In the village of Great Pelfe Maureen Stubbs from the Midsomer Conservation Society is stabbed to death after openly accusing builder Geoff Rogers and councillor James Otley of conspiring to ruin the look of the village by rushing through a plan to build modern housing. Supporters of the plan are targeted by a burglar. There is most definitely a scam being carried out behind the supposed housing development plan but is the murderer a supporter of the scam rubbing out all opposition or a dissenter,claiming Not in my Back Yard? Written by
don @ minifie-1
The vet said he was raising Irukandji jellyfish to find a better way to put down horses. He pointed to a glowing blue thing about 5 cm across. They are red about the size of a cocktail onion. Further dying by Irukandji poison is about the most painful way imaginable to die. See more »
DCI Tom Barnaby:
Well, the cause of death seems obvious.
If causes of death were *ever* obvious you wouldn't need me, would you?
DCI Tom Barnaby:
Well, Dr. Bullard - I await the full results of your postmortem examination with anticipated delight, but - might you expedite our investigation by honoring us with a speculative hypothesis?
Occlusion of the carotid artery leading to severe brain damage due to hypoxia... just a guess.
See more »
Midsomer Murders: Not in My Back Yard is set in the small Midsomer village of Great Pelfe where local resident & potential local councilor Norman Swanscombe (Peter Egan) is holding an open back yard party, however things turn nasty when Maureen Stubbs (Joan Blackham) from the Midsomer Conservation Society has a row with Swanscombe over his modern house & a development to build new housing on local land. Later that night Maureen Stubbs is stabbed to death & DCI Tom Barnaby (John Nettles) is on the case, Maureen's death seems to be motivated by the planned housing development & her opposition to it but with several important people counting on it Barnaby has no shortage of suspects. That is until those planning the building work also start turning up dead...
Epsidoe seven from season thirteen this Midsomer Murders mystery was directed by Peter Smith & turned out to be John Nettles penultimate investigation before his character retires, to be fair to Not in My Back Yard I thought it was pretty good & better than a lot of the recent episodes. The title of this episode refers to a saying we have here in the UK Not in My Back Yard which is commonly abbreviated as NIMBY & therefore people are accused of bing NIMBY's, the theme of countryside development is an emotive issue & one which crops up in the media over here from time to time & now it's Midsomer Murders turn to highlight it. Of course the main aspect of Not in My Back Yard is the murder mystery which is quiet well done if a little familiar with various oddball character's, affairs, murder, blackmail & various red herrings. The motives for murder are plausible & it's not like no-one has ever been murdered for money & power but at the same time it does feel a bit routine, as usual there's a lot of exposition to sit through & take in but it does make reasonable sense at the end except maybe why the killer left Liz alive rather than kill her off despite the fact Liz could have named them but all in all Not in My Back Yard is fairly solid.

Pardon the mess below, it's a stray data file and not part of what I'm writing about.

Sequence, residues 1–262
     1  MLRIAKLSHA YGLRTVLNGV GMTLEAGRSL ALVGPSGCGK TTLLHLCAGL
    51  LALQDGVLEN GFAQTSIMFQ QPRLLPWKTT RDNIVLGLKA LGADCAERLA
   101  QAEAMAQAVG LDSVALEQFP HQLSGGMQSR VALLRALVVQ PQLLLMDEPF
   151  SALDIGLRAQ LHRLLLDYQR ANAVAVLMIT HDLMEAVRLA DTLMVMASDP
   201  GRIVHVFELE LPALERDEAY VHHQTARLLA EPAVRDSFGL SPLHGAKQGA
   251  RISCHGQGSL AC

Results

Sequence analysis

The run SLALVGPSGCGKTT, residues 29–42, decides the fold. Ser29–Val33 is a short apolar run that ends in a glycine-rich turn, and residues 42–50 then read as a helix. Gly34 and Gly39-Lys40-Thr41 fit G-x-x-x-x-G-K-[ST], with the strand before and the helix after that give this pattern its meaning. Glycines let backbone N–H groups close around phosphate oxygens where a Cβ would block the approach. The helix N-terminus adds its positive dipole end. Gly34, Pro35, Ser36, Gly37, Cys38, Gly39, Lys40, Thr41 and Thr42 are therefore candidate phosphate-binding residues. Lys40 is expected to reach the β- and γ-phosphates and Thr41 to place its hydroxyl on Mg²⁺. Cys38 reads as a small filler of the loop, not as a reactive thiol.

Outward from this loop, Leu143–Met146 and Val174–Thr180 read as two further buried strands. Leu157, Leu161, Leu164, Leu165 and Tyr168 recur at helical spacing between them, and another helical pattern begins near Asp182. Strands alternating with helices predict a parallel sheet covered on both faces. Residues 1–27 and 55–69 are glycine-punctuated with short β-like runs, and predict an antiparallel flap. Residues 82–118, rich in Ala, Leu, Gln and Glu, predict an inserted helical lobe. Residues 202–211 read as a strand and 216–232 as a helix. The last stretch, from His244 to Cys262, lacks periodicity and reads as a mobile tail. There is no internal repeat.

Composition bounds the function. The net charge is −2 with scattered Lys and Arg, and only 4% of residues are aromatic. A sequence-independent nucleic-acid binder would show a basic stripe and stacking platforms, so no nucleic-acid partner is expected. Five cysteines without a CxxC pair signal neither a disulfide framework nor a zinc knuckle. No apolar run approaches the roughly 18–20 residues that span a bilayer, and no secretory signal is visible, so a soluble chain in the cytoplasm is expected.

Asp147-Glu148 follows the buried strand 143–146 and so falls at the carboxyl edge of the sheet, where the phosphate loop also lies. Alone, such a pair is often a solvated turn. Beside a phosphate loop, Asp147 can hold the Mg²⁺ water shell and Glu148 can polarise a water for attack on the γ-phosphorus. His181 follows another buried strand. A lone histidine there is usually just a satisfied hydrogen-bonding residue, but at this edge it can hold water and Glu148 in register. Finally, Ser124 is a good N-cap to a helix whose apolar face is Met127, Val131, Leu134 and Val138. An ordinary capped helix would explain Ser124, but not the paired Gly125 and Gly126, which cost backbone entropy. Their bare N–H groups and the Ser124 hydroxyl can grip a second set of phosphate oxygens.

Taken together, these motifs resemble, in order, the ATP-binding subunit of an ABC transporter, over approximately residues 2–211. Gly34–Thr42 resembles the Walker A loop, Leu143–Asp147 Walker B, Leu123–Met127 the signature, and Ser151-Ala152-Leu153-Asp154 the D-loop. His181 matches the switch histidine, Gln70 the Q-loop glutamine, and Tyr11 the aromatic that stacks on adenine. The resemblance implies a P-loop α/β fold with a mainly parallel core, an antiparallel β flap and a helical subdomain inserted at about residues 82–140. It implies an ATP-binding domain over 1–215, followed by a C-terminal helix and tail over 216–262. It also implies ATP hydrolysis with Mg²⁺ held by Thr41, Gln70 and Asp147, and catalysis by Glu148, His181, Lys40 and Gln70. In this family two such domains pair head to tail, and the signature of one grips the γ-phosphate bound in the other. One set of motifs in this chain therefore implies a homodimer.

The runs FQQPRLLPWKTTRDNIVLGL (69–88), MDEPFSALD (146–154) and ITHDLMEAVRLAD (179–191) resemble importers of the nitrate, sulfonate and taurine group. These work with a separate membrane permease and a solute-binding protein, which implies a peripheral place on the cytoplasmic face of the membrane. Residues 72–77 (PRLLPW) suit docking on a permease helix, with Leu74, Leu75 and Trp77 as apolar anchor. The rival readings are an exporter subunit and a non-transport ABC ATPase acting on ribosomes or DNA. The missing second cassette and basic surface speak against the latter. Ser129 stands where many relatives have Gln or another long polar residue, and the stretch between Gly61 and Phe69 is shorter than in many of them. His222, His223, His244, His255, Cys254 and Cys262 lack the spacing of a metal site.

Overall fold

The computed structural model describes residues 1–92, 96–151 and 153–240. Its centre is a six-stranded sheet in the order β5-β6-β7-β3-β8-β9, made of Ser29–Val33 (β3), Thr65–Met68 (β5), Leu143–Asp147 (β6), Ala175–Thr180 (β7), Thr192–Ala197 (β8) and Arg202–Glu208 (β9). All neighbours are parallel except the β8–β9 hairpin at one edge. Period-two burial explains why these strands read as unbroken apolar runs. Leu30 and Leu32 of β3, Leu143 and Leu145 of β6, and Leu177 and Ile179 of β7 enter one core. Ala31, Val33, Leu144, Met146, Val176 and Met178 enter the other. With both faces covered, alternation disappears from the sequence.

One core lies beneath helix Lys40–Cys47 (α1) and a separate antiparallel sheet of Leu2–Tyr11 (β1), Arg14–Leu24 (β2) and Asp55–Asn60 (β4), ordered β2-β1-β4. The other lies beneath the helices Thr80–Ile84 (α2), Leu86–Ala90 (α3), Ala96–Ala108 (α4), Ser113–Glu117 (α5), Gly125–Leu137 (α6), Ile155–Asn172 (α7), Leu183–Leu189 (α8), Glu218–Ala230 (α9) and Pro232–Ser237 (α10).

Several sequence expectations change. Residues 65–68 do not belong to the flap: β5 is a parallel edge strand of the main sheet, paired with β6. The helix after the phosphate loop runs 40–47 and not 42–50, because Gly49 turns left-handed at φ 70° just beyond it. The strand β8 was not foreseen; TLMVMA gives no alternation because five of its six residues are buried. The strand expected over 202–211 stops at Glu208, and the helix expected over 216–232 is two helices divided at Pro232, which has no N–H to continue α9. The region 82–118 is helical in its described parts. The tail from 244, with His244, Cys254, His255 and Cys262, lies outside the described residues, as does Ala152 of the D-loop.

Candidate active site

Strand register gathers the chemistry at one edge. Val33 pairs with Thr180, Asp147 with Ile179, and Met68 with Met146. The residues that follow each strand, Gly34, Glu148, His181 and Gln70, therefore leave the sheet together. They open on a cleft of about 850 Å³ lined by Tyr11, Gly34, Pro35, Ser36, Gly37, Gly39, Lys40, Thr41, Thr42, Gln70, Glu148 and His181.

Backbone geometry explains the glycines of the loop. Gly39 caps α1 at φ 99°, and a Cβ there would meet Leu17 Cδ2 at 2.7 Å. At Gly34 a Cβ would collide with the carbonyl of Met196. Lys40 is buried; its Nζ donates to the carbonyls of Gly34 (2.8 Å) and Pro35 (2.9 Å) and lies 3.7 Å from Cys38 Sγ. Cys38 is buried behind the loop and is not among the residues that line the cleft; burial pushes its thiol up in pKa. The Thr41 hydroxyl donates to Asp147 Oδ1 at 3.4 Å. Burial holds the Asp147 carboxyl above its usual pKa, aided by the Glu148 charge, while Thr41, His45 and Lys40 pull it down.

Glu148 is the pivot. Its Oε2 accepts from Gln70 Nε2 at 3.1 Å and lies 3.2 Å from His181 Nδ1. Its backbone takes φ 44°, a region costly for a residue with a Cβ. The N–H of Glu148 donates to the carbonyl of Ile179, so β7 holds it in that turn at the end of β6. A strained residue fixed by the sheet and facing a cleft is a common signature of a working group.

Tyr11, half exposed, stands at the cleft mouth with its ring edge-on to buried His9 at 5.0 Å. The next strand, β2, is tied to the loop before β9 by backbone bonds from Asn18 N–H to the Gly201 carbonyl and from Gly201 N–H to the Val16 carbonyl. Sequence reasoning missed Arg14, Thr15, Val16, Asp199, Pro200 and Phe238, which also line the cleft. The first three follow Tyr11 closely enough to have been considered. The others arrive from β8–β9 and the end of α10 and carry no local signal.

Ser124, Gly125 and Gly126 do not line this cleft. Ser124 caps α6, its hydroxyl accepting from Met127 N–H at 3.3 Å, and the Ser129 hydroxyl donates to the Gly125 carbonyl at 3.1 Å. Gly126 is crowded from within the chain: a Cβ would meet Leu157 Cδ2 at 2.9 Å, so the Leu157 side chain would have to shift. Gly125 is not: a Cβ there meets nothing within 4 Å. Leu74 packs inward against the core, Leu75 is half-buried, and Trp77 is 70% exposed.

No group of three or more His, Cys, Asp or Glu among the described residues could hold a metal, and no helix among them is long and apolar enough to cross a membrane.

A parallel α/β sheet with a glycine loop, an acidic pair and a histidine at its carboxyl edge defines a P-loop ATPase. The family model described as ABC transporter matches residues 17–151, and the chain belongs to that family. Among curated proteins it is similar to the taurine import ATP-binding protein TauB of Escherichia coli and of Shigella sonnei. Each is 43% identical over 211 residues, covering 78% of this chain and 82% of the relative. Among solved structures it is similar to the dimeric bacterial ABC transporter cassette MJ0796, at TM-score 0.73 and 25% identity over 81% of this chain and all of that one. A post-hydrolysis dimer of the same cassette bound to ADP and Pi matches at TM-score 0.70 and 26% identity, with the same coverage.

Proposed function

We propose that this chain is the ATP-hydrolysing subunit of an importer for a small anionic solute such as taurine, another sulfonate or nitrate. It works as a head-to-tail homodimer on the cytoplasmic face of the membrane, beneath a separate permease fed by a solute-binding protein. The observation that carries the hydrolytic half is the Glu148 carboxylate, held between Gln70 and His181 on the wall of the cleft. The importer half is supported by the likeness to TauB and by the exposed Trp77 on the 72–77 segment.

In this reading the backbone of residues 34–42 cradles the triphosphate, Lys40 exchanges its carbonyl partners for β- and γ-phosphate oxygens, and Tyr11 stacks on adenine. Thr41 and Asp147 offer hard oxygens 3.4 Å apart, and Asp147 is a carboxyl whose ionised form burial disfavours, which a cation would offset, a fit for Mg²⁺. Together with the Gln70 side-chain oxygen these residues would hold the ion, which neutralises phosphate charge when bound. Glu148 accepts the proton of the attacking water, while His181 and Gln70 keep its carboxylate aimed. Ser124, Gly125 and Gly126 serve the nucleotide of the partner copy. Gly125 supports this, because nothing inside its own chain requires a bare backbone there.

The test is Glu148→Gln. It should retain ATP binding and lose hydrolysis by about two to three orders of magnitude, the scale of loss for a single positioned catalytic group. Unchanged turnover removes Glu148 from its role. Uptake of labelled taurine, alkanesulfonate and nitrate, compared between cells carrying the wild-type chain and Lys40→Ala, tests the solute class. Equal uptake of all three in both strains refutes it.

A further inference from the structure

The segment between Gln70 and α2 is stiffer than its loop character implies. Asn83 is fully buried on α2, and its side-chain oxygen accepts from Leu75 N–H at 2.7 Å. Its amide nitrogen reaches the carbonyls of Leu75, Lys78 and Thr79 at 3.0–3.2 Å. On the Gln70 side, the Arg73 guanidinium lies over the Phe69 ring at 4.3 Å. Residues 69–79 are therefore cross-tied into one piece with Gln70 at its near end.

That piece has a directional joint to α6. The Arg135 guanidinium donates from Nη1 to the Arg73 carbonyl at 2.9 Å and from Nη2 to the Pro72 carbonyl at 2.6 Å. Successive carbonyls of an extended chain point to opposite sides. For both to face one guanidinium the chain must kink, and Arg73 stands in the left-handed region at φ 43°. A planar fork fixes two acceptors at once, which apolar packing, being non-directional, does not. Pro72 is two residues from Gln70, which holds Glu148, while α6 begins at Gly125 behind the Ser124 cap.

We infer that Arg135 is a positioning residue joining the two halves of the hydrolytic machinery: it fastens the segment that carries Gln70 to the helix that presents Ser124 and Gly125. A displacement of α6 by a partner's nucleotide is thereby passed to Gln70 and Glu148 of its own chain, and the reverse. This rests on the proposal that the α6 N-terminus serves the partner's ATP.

There's some imaginative murders in this one, a woman is stabbed in the back with a broken bottle, a guy has his neck broken by a faulty electronic door & someone is buried in concrete while in the back of his car. Although not gory the murders are quite memorable but the killer is never really given any reason or motive as to why they dispatch their victims so elaborately. Filmed in quaint English countryside locations this looks as nice as ever while the cast do a good job as always.
Not in My Back Yard is a watchable Midsomer Murders episode, it has a decent amount of kills & enough intrigue & mystery to keep one watching but I can't help but feel the series is going a little stale with recycled plots & character & locations. Fans of the show should enjoy this one.
8 of 10 people found this review helpful.
Was this review helpful to you?